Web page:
State-Driven Success in Sage-Grouse Conservation
Jordan K. Lofthouse, MSE, Strata Policy PhD Fellow
Camille Harmer, BS, Strata Policy Researcher
The greater sage-grouse, a wild bird that lives across the Western United States, has become one of the most controversial species in American history. Over the past few decades, a political movement has worked to place the greater sage-grouse under the protection of the Endangered Species Act (ESA). After the U.S. Fish and Wildlife Service (FWS) announced its interest in listing the species in 2010, several Western states increased their efforts to preserve the greater sage-grouse. In 2015, the FWS decided not to list the sage-grouse as threatened or endangered under the ESA, in large part because the states proved that they could effectively protect the species.
The fight over the sage-grouse illustrates how state governments can and do conserve species. States cooperate with federal agencies to increase decentralized decision-making and more successfully protect species. By deferring to states, the federal government could be more effective at conserving species and limiting the economic harm caused by the ESA. The purpose of this policy brief is to illustrate why increasing state management of endangered species would be an improvement over the current approach.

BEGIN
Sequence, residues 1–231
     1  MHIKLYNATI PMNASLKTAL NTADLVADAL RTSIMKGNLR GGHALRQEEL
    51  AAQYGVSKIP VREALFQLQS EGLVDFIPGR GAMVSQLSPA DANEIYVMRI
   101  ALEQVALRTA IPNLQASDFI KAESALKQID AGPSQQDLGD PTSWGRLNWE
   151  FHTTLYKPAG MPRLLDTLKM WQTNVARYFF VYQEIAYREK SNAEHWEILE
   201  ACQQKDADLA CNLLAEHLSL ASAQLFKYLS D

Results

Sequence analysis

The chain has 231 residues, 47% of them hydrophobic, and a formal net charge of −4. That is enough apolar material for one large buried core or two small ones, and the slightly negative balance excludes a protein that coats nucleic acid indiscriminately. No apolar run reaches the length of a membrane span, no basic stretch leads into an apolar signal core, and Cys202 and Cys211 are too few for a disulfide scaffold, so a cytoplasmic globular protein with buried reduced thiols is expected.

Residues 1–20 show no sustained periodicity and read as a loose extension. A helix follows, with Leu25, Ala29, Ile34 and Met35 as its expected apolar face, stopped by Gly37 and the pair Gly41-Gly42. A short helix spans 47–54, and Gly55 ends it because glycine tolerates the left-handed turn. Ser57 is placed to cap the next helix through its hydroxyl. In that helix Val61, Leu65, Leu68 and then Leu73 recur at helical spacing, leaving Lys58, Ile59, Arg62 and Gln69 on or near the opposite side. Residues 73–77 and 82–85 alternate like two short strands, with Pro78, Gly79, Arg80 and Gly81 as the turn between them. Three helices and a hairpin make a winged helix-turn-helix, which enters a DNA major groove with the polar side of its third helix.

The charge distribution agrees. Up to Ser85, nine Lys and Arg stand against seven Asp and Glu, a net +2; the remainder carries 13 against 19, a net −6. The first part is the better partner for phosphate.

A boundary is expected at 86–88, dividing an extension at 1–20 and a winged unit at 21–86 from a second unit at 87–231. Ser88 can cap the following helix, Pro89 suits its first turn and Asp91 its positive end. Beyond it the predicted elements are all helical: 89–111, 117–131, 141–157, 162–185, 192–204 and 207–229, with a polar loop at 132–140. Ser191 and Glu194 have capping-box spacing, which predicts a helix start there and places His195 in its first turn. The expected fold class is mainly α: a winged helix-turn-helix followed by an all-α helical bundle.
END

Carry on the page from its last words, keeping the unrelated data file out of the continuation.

Cooperative federalism and decentralized decision-making occur when the federal government allows lower levels of government to make their own policies. This type of decision-making is beneficial in three ways. First, states serve as “laboratories” of innovation for testing various approaches to conservation. Second, state agencies may have better data and expertise regarding species conservation than federal agencies. Third, state governments are often more responsive to the needs of local people better than federal decision-makers. They are able to create policies and conservation plans that more carefully account for local economic and geographic factors.
The federal government could enhance species recovery by cooperating more with the states and by deferring many conservation decisions to lower levels of government. Over the past twenty years, many scholars have noted the “lack of consistent and sustained cooperation between state and federal agencies” on endangered species issues. Following the example demonstrated by state-level sage-grouse management, the federal government could allow for more cooperative and decentralized policies that may improve overall species conservation. In particular, the federal government could change the implementation of the ESA’s Section 6 or Section 4(d) to increase cooperation and decentralization.